I guess every baseball fan knows that this past weekend, on April 15, the sport “celebrated” Jackie Robinson Day — the day in 1947 when Jackie Robinson became the first black man to play in a major league baseball game.
I put “celebrated” in quotes, because it is also a muted acknowledgement that baseball’s major leagues shut blacks out of participation for some 80 years until then … much to both their great loss and their fans’ loss.
Last summer my wife and I visited the Negro Leagues Baseball Museum in Kansas City. I knew many of the names, but seeing them displayed Hall of Fame-style was very powerful. Rube Foster, Satchel Paige, the two “Bucks”, Buck Leonard and Buck O’Neil, Josh Gibson.
Josh Gibson, oh my gosh Josh. Gibson hit so many home runs, about 800, that fans and sportwriters who had seen them both play often referred to Babe Ruth as “The White Josh Gibson.” And he accomplished that while playing catcher, without a doubt the most physically demanding defensive position. And quite likely the most mentally demanding, as well. It was with a bit of a heavy heart that Robinson, and those blacks who soon followed, broke into the majors in those years. Josh Gibson got a brain tumor and eventually died quite young, aged only 35, of a stroke from complications in January, 1947 … just months before Robinson’s first game with the Brooklyn Dodgers. As the tumor started affecting him several years before — well …. there’s no telling how many more home runs he could have hit. Or if he’d even made it to the Major Leagues, too. <Sigh.>
As the current baseball season is already some three weeks old, modern baseball fans might wonder what took the Dodgers so long to play Robinson. Well, April 15th was Opening Day back then. And anyone watching the weather throughout the Midwest and Northeast this spring will understand why. Baseball is a summer game and it is pretty stupid to be playing all those games with temperatures in the 20s and 30s and snow flying around — in nearly empty stadiums. Not to mention making for dangerous travel (lots of team buses back then).
Even with a “later” mid-April start, they pretty much had the entire season wrapped up — World Series and all — by the close of the first week in October; when the weather was usually still quite pleasant. Compare that to today when the threat of snow and freezing weather is almost as bad at the close of the season (often the first week of November) as it is at the season’s opening.
Baseball is a summer game. How did they do it? Back then they only played 154 games a season (162 now) and had scheduled double-headers throughout the season. Most teams played as many as 25% of their games as double-headers well into the late 1950s. And playoffs weren’t the four or five week elimination ordeal they are now, with nearly one-third of teams making it to the playoffs instead of only two.
I well remember the joy of double-headers as a boy, two games in the hot sun with dad, lots of hot dogs and peanuts, yelling and screaming. Trying to keep a score card. Watching scores from other games around the country on the outfield scoreboard. Game one in the early afternoon — noonish — and game two only 30 or 40 minutes after the last out of game one, barely long enough to re-chalk and drag the infield — in the late afternoon. Falling asleep on the way home…. memories.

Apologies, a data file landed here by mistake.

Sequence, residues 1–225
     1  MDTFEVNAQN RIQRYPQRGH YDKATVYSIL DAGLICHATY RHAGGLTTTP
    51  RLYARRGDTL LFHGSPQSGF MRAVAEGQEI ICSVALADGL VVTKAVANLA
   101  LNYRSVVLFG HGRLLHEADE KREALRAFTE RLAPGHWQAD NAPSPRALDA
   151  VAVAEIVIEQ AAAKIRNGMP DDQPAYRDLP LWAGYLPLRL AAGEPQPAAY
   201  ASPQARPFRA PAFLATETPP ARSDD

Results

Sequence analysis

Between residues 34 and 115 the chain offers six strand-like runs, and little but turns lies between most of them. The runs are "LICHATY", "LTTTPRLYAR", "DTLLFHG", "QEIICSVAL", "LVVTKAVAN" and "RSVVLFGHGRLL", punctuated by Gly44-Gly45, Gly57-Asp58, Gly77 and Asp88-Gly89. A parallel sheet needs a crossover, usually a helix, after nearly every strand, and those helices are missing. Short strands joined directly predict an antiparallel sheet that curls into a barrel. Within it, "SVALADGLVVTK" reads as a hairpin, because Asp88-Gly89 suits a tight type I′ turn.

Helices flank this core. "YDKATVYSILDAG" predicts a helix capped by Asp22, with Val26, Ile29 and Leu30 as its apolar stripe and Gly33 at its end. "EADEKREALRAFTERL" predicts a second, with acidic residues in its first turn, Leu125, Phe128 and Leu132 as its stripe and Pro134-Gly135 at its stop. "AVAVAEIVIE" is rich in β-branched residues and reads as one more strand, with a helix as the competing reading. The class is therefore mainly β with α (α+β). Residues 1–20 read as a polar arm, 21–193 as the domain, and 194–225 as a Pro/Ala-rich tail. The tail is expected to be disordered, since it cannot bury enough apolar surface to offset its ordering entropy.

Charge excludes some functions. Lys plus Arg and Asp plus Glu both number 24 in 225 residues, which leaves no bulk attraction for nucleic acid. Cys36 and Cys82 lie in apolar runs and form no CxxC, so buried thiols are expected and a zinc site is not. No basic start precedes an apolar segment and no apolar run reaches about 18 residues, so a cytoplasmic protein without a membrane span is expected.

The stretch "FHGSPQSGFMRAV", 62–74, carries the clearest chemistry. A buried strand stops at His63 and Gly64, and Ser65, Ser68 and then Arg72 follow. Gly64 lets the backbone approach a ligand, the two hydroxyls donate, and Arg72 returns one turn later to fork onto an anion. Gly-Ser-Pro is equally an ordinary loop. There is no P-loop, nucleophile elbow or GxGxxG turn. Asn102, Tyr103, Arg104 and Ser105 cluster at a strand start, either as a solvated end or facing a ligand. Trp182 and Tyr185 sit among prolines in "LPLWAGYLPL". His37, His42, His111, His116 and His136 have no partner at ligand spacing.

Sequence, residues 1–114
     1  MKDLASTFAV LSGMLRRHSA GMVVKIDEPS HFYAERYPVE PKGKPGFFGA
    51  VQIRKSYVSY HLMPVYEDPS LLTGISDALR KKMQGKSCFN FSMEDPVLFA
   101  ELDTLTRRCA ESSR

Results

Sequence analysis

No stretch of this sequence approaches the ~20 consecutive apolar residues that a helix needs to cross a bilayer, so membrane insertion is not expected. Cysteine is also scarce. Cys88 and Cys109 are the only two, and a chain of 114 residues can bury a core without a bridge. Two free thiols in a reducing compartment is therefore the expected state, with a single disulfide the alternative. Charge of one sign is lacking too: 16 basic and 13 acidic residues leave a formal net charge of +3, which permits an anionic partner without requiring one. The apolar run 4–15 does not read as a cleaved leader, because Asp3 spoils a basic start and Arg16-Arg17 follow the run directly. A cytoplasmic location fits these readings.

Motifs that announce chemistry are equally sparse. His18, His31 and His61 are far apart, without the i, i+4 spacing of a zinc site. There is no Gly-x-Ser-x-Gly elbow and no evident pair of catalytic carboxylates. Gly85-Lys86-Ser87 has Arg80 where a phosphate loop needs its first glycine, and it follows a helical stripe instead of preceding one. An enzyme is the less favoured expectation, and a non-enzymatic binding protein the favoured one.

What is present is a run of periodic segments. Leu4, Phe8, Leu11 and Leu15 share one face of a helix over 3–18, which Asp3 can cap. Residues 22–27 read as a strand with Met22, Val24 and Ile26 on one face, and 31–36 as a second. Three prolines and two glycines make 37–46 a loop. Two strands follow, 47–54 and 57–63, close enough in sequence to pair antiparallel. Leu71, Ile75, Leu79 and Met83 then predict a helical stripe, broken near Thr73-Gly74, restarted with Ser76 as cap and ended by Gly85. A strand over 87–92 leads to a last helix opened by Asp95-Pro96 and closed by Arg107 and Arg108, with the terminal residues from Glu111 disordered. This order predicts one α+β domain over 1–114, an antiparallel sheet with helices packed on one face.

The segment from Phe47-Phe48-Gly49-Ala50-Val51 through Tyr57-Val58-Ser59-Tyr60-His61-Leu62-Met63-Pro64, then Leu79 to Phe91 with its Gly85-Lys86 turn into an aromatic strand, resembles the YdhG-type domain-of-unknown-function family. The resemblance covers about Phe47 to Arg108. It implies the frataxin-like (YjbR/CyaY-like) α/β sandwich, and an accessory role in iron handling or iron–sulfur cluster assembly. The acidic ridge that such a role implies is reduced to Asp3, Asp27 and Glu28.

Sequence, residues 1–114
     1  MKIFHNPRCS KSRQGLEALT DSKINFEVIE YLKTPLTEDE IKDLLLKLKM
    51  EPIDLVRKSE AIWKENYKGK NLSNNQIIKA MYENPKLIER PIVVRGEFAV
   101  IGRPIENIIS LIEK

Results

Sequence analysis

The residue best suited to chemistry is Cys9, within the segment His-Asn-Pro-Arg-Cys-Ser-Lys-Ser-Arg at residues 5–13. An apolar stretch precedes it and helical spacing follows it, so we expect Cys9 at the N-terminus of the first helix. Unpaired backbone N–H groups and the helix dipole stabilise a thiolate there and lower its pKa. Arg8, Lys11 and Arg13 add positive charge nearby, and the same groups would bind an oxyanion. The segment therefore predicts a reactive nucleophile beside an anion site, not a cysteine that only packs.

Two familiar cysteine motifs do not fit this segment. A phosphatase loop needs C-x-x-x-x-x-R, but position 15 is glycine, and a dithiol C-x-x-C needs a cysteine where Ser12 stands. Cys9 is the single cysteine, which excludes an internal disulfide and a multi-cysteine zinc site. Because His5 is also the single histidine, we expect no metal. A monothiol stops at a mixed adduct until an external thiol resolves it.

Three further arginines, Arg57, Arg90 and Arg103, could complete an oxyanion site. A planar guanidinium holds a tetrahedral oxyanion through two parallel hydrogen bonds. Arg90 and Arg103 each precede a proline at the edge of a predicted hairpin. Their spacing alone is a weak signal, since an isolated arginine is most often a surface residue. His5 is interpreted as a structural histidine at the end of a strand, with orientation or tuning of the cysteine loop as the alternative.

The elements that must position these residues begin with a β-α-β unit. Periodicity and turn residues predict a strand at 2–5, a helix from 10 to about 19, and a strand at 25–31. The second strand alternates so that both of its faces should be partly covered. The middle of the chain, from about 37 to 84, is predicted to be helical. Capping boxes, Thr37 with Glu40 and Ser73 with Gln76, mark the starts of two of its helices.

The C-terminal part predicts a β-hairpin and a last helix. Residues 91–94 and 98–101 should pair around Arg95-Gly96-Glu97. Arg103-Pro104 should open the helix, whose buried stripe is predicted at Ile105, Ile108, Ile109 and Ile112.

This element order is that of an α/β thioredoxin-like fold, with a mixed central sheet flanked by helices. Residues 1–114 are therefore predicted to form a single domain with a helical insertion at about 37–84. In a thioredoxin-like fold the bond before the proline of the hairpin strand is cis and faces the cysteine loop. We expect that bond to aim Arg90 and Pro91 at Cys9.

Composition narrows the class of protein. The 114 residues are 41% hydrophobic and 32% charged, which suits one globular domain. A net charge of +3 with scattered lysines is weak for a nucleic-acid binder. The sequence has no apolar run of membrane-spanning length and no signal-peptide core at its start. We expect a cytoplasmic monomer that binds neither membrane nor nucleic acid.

Well, speaking of history, April 17, 1945 is quite a famous day in baseball history, especially for St Louis Cardinal fans. I’ve borrowed the following from a post by John Sarkis, who has given me permission to “lift” his work. He writes regularly regarding St Louis regional history.
April 17, 1945, Albert “Red” Schoendienst played his first game in a Cardinal uniform. The Hall of Fame second-baseman from nearby Germantown, IL would play for the Redbirds for 15 seasons, the New York Giants for two years, and the Milwaukee Braves for four seasons before returning to the Cardinals for three years of limited action. As a player, coach, or manager he wore a major league uniform more than 70 consecutive years, and is currently the oldest living member of the Baseball Hall of Fame.
On that same day native St. Louisan Harry Carabina, who became known as Harry Caray, made his debut as a Cardinal broadcaster. With the Cardinals and Browns sharing Sportsmans Park, the schedule provided that one of the teams would always be home, which allowed Harry to broadcast both Cardinals and Browns home games that season. He became a full-time Cardinals broadcaster in 1947. After being fired by Cardinal owner Gussie Busch, Caray spent 1970 calling Oakland Athletics games, then joined the Chicago White Sox in 1971. After 11 seasons on Chicago’s Southside, he moved to Wrigley Field in 1982. Harry suffered a stroke on Valentine’s Day, 1998, and passed away two days later.
Also on that day, the Brown’s legendary one-armed outfielder, Pete Gray, made his major league debut, getting one single in four at-bats off Les Mueller of the Detroit Tigers. As the MVP in the Southern League, Gray’s contract was purchased for $20,000 from the Memphis Chicks and he was called up as many of the regular major-leaguers were serving in the war. He had his best day in the majors on May 19, playing in Yankee Stadium and collecting five hits and two RBI as the Browns swept the Yankees. He was sent back to the minors when regular players began returning from overseas. Playing left and center field for the Browns, he appeared in 77 games, batting .218 with a .958 fielding percentage. Pete Gray, the only one-armed person to ever play in the major leagues, died on June 30, 2002. His glove is in the Baseball Hall-of-Fame.
There have been a very few other players who were similar to Gray, but having most of an arm yet no hand. Most notably I remember one-handed Jim Abbott throwing a No-Hitter!!
Checking the almanac, the Browns played that game at home. So Harry Caray called the game. ]
Joe Girard © 2018